Content » Vol 86, Issue 2

Letter to the Editor

Successful Treatment of Dermatomyositis with High-dose Intravenous Immunoglobulin

Yoshihiro Kuwano, Hironobu Ihn, Norihito Yazawa, Takashi Kakinuma, Akihiko Asahina, Kanako Kikuchi and Kunihiko Tamaki

Department of Dermatology, University of Tokyo, 7-3-1 Hongo, Bunkyo-ku, Tokyo 113-8655, Japan. E-mail:

Accepted August 3, 2005.


Dermatomyositis (DM) is an idiopathic inflammatory myopathy with characteristic cutaneous manifestations: a heliotrope rash, Gottron’s papules and periungual telangiectasia. Cutaneous ulcers are relatively rare. Although systemic corticosteroids combined with other immunosuppressive drugs are frequently effective for the myositis, they are sometimes insufficient to manage the cutaneous manifestations including ulcers. Recently, accumulated evidence has revealed that intravenous immunoglobulin (IVIG) therapy is effective in the management of myositis and cutaneous lesions in DM (1). However, little is known about the efficacy of IVIG on cutaneous ulcers. We report here a case of DM with ulcers that were resistant to oral corticosteroid, but responsive to high-dose IVIG therapy.


A 56-year-old Japanese woman presented with a periorbital skin rash in 1998. After 2 months, she had fever of 39°C with myalgia of extremities and erythema on the fingers. She was treated with intravenous dexamethasone sodium phosphate 8 mg once. Although the fever and myalgia improved, her cutaneous lesions remained. When referred to our hospital she had periungual erythema and Gottron’s papules on the knuckles. However, the heliotropic rash and myalgia had disappeared. Laboratory examination showed elevated serum lactate dehydrogenase levels (307 IU/l) and erythrocyte sedimentation rate (52 mm/h), but no elevation of serum creatinine kinase or serum aldolase levels. Antinuclear antibody, anti-Jo1 antibody and anti-cardiolipin antibodies were not detected. The result of electromyography was consistent with the presence of myopathy, while the biopsy specimen of deltoid muscles showed little evidence of myositis. A skin biopsy specimen of her right middle finger demonstrated slight liquefaction of the basal layer, moderate infiltration of lymphocytes, and deposit of mucin in the upper dermis. Extensive examinations showed no existence of occult cancer. She was diagnosed as having DM and was treated initially with oral prednisolone 60 mg daily. Her cutaneous lesions improved and the dosage of prednisolone was decreased to 12.5 mg daily.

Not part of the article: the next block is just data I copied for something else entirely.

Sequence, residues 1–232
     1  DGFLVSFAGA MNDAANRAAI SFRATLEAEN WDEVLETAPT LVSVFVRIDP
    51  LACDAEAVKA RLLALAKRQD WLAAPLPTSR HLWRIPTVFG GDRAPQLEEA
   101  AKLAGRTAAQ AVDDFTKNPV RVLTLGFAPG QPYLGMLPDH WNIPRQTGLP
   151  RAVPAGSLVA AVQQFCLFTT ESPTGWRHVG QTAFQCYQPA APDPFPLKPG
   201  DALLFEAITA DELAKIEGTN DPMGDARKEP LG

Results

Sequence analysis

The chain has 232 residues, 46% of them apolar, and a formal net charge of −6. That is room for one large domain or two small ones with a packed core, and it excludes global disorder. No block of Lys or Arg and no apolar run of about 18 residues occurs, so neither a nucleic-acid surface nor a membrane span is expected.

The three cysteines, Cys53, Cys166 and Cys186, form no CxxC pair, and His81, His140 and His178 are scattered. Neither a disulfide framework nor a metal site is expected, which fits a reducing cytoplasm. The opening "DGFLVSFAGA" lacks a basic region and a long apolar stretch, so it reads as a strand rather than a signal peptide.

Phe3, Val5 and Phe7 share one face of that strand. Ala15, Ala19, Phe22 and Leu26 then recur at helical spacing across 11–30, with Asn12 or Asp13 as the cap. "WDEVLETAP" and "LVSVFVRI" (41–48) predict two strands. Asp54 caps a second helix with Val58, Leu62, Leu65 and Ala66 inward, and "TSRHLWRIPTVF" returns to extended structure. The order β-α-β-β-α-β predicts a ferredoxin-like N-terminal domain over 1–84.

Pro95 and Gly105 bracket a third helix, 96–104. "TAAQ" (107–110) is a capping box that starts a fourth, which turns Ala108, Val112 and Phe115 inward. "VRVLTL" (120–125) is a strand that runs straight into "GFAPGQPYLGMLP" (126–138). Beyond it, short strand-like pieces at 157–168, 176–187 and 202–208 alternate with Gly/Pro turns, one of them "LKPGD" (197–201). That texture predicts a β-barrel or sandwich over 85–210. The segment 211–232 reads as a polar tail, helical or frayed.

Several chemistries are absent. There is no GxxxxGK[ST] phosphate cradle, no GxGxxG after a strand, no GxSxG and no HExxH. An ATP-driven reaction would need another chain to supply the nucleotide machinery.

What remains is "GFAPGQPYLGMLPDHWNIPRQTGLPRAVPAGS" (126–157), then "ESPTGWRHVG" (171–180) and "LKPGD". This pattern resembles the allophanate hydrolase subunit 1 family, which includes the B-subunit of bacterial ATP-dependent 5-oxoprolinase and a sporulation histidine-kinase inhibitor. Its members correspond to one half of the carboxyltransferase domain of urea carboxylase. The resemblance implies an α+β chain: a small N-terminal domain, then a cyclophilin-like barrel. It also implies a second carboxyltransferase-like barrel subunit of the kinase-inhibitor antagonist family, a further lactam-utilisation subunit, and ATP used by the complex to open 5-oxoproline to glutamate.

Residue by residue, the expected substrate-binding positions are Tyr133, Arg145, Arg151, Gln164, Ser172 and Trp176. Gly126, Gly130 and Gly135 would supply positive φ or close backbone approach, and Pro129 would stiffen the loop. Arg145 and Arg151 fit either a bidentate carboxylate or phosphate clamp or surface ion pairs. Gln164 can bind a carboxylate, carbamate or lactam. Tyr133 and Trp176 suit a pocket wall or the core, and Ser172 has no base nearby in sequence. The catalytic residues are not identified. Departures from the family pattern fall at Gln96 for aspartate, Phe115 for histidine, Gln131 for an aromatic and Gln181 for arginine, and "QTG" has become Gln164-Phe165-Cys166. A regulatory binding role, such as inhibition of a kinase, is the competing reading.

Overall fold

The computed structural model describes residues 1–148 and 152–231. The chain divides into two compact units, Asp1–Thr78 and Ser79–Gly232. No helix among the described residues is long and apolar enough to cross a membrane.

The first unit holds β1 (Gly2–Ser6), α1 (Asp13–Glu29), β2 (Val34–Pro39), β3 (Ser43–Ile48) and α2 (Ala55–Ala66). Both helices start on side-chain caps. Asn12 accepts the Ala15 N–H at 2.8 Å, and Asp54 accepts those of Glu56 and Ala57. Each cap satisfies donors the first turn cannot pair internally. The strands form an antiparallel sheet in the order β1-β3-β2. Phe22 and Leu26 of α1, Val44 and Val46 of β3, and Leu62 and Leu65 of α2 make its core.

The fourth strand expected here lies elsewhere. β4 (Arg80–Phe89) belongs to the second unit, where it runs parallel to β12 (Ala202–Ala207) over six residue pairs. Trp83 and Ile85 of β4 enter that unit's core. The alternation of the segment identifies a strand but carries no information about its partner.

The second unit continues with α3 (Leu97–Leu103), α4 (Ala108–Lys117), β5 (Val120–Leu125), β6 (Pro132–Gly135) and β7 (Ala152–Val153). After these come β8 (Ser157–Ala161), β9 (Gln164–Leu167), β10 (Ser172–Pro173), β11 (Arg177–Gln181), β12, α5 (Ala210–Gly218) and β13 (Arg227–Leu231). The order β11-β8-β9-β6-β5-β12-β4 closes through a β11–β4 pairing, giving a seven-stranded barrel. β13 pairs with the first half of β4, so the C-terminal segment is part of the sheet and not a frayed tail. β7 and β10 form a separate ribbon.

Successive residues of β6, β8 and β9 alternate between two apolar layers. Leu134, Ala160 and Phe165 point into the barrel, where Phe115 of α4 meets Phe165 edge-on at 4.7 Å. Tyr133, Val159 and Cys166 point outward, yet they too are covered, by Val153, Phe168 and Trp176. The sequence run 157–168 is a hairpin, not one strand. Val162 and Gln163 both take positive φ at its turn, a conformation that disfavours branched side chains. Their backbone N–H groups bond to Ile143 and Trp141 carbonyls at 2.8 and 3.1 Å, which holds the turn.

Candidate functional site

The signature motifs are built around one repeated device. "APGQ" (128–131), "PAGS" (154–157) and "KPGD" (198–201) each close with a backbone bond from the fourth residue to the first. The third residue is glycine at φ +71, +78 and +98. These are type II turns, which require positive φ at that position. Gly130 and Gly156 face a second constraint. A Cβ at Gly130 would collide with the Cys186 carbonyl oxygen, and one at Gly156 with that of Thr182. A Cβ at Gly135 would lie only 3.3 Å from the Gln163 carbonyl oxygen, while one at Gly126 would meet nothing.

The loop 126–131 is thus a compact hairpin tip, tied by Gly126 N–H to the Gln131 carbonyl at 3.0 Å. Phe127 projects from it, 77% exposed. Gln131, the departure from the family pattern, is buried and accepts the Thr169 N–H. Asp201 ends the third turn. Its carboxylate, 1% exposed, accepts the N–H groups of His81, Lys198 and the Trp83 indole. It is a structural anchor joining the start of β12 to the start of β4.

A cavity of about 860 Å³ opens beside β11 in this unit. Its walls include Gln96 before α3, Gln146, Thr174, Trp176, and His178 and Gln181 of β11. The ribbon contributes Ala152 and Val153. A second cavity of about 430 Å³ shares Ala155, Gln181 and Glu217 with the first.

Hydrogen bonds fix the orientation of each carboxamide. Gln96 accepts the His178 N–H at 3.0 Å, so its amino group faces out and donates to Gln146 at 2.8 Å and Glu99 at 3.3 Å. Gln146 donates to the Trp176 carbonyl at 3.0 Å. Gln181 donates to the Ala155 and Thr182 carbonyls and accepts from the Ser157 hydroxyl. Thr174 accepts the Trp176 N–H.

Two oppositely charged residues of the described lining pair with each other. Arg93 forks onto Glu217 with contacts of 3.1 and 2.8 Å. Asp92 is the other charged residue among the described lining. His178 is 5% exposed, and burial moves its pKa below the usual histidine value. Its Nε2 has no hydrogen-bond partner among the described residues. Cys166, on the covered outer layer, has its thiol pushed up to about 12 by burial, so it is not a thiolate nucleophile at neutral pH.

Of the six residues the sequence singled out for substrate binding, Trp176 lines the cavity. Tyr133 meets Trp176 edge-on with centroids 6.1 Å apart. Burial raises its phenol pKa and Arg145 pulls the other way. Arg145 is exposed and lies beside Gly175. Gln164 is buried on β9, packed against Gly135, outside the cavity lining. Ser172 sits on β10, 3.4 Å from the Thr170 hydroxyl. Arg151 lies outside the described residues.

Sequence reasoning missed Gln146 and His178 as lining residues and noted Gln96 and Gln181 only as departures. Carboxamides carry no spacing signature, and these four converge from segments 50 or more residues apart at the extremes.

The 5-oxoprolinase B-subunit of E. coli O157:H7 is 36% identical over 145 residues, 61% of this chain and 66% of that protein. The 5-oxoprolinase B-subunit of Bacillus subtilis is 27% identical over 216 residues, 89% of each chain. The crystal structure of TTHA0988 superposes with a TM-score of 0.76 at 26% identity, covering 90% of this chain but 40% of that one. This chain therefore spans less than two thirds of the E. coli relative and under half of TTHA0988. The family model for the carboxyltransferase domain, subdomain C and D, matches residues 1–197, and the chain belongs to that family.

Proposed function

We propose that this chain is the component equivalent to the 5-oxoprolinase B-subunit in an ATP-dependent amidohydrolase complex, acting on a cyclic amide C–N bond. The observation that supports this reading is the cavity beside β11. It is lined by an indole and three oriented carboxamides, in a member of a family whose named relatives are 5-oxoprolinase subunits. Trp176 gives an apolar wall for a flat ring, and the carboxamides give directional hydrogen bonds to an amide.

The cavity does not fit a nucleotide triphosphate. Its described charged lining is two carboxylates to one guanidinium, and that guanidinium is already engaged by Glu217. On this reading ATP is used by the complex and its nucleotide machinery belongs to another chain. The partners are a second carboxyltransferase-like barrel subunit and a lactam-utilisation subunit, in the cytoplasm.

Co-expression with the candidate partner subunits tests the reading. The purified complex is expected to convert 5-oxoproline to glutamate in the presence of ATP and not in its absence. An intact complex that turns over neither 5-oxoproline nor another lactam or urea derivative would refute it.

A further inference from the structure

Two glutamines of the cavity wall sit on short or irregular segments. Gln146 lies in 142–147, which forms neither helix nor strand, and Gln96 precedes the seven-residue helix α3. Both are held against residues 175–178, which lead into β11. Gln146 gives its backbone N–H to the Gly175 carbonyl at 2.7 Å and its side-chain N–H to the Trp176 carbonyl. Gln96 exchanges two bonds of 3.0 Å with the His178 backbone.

However, approximately 2 years after the initiation of the treatment, the patient began to note dark purple erythema on her fingers, palms, dorsum of hands and elbows, and livedo reticularis on the buttocks. Over the next 2 months, punched-out cutaneous ulcers with induration, as well as necropathy of her right little finger, appeared on the dark purple erythema (Figs 1 and 2). Although she was treated with oral prednisolone up to 20 mg daily in combination with intravenous alprostadil and topical treatment, these ulcers progressed in number and size with local pain. Therefore high-dose IVIG treatment (400 mg/kg daily for 5 days) was initiated. She received IVIG treatment twice. Two days after the initiation, both the pain and induration of ulcers improved dramatically. In addition, the ulcers on her buttocks disappeared and dark purple erythema became faint within a week. Finally a month after the second IVIG infusion, erythema disappeared except on the fingers and the cutaneous ulcers healed. No side effect was noted during the treatment and there has been no relapse for 1 year after the treatment.